The Problem of Sexual Violence

sexual violence

Sexual violence is any kind of sexual activity that takes place without the person’s full, voluntary consent. Sexual violence can include sexual assault, rape, and other forms of non-consensual sexual contact. Sexual violence is a global problem with impacts that can be seen at many levels. At the individual level, there are risk factors that make someone more likely to commit an act of sexual violence including substance abuse; attitudes and beliefs that promote sexual violence; impulsive and antisocial tendencies; and childhood experiences of family or community violence (Krug et al., 2002).

The societal impact of sexual violence can be seen at the local level in the form of crime rates, health care costs, and social support services. Survivors can experience emotional impacts such as fear, anger, guilt and self-blame. These impacts can also have physical consequences such as injuries, and they can affect the survivor’s relationships with family, friends and coworkers.

Some people may not know the extent of the problem of sexual violence because it is under-reported. There are a variety of reasons for sexual violence, including: societal and cultural norms that condone sexual violence; the stigma and shame surrounding the victim’s experience; and the perpetrator’s own feelings of powerlessness and helplessness. Sexual violence can happen to anyone, including men, women, and children of all ages, races, gender identities, religions and economic classes.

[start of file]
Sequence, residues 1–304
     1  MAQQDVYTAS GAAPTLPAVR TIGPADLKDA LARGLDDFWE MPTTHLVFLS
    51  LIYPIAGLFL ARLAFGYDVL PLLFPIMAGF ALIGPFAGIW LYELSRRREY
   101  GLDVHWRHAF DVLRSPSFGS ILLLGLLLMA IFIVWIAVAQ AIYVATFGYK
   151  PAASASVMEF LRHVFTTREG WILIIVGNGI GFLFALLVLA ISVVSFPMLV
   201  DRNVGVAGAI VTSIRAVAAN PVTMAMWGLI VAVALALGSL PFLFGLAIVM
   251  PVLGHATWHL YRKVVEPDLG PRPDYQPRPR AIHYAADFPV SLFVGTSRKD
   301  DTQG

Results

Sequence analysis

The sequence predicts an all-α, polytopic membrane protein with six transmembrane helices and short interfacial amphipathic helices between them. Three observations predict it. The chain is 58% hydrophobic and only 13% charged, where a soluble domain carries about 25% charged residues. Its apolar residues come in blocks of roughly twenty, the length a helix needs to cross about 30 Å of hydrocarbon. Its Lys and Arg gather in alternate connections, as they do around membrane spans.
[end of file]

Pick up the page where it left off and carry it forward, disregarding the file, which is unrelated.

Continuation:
A rape or other sexual assault happens every 5 minutes in the United States. There are many different kinds of sexual assault, including sex with force, the use of drugs or alcohol, and involuntary or forced sex. It is important to understand that no one deserves to be a victim of sexual assault, and it is never the victim’s fault.

For example, it is a common belief that if a man fails to prevent a rape, he is weak or that because a sex victim has an erection during an attack, they enjoyed the rape. The truth is that a victim’s sexual response during an assault is often out of their control and is a physiological reaction to the trauma.

There are things that each of us can do to help reduce the problem of sexual violence. We can donate our time and money to local rape crisis centers, and we can join campaigns that promote awareness and prevention. We can also take steps to protect ourselves on campus, such as speaking up in class, avoiding groups of unfamiliar people, limiting the amount of alcohol we drink and taking a self-defense course such as the RAD (Rape Aggression Defense) offered at Mt. Vernon and other campuses across the country. If we are friends of a victim or survivor, we can offer them our support and encourage them to seek professional help if they need it. There are many proven techniques for reducing the symptoms of post-traumatic stress disorder, such as psychotherapy and cognitive processing therapy, prolonged exposure therapy and eye movement desensitization and reprocessing.